Why Do Investors Tolerate It; Gold And Silver Report

For the first time since we began publishing this Report, it is a day late. We apologize. Keith has just returned Saturday from two months on the road.

Unlike the rest of the world, we define inflation as monetary counterfeiting. We do not put the emphasis on quantity (and the dollar is not money, it’s a currency). We focus on the quality. An awful lot of our monetary counterfeiting occurs to fuel consumption spending. And much of this, certainly a very visible part of it, is government borrowing to pay for the welfare state that is not supported by taxation.

There are four components to our definition of legitimate credit:

  1. The lender knows that he is lending
  2. The lender agrees to lend
  3. The borrower has the means to repay
  4. The borrower has the intent to repay

It is counterfeit credit, if one or more of these criteria are breached.

If the government cannot pay current expenses out of tax revenues, then obviously it can never amortize its debt. So this shows the Treasury bond itself to be counterfeit credit. But let’s consider the dollar.

The funny thing about the dollar, it is universally regarded to be money. This is no mere dispute over definitions or semantics. It means that people who hold dollars deny being lenders! They do not believe and would not agree if you told them that they are creditors, financing profligate welfare-state spending. The dollar is base money, end of story. Well perhaps not end of story, if push comes to shove. Yeah, the Fed accounts for it as a liability but since it’s not repayable, it’s not really a liability. And so on.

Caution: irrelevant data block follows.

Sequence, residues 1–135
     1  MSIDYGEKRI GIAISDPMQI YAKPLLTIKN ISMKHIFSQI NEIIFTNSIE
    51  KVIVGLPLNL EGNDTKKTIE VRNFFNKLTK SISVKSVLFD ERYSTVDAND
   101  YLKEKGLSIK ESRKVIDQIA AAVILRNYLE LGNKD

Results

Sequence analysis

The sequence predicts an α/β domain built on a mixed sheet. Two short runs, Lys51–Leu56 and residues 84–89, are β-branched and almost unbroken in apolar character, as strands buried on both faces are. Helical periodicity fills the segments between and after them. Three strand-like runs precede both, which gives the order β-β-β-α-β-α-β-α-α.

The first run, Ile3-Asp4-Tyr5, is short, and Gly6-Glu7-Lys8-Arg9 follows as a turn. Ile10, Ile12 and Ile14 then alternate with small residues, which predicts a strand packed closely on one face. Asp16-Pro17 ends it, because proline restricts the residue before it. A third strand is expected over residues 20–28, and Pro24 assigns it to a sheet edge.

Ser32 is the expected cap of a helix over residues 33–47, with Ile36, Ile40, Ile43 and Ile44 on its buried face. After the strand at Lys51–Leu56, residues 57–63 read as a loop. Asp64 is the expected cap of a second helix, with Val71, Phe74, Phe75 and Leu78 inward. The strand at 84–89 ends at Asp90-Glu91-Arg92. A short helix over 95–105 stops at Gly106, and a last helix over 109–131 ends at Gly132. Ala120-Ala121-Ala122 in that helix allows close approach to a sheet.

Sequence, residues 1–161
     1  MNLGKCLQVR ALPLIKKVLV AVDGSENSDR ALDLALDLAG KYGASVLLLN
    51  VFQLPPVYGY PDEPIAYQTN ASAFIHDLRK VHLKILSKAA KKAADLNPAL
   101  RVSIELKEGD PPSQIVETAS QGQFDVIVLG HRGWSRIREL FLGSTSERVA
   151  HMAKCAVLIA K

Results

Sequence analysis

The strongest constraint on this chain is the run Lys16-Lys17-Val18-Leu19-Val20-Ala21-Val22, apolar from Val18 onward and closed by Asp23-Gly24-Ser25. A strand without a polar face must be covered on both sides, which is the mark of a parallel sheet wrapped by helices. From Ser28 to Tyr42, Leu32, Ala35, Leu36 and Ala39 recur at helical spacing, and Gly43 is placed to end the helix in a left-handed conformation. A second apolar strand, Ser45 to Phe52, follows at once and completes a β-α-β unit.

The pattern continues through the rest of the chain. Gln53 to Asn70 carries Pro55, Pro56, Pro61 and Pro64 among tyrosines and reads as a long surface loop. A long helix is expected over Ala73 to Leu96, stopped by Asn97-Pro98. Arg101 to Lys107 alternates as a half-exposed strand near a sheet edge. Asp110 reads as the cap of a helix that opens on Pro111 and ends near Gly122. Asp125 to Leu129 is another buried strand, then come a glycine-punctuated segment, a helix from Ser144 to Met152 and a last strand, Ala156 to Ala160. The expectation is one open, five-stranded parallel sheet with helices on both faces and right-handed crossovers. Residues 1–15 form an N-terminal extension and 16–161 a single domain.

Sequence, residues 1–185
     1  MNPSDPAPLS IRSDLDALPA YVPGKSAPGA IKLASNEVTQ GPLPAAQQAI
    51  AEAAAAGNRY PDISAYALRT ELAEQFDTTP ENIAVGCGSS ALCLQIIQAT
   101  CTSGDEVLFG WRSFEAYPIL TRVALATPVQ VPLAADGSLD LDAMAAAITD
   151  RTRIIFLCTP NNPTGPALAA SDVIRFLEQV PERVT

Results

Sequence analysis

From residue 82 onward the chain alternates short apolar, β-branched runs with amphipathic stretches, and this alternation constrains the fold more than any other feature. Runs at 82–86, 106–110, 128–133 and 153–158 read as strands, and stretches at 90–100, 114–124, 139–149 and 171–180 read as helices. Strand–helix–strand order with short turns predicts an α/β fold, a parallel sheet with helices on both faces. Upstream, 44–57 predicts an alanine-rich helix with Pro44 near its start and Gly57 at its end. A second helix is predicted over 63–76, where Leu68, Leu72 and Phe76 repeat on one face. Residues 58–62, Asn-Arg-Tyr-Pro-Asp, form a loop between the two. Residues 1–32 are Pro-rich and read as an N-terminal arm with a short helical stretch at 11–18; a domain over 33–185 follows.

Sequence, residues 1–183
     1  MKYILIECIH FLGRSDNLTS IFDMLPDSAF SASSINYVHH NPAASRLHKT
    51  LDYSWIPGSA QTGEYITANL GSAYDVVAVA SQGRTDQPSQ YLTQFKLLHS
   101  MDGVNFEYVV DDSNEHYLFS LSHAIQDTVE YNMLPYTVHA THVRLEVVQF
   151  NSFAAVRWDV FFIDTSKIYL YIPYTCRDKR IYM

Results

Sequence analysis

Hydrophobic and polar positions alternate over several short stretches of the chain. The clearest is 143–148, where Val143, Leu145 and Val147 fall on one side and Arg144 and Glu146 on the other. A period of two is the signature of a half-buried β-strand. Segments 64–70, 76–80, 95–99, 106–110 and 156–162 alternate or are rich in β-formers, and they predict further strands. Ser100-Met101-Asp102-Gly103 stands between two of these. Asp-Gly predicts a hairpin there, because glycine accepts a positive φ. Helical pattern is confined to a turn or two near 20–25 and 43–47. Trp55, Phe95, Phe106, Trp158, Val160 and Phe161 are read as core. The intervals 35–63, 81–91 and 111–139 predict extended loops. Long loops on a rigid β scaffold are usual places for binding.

So the lenders cannot know that they are lending, as a definition neatly forecloses on this knowledge. Or admitting to having this knowledge.

Anyways, borrowing to finance welfare spending is covered under #3. Let’s consider a different case. It is when corporations sell a bond to finance a capital asset. Perhaps they are acquiring a profitable company. Or maybe they are building a new plant.

Corporate bonds today are often non-amortizing. They pay interest only, with a balloon payment at the end to return the principle. How do they plan to pay? Either they must sell more shares (raise equity), or else they must sell another bond to repay the first bond.

Obviously, this exposes investors to the risk that the market will not let the company sell equity or debt at the time when the bond matures. From where we sit today, after nearly a decade of endless bidding up of assets, this seems a remote risk. But 10 years ago, the market was closed and many companies were forced into bankruptcy as they were unable to pay debts when due. Including the acquirer of Keith’s previous company, Nortel Networks.

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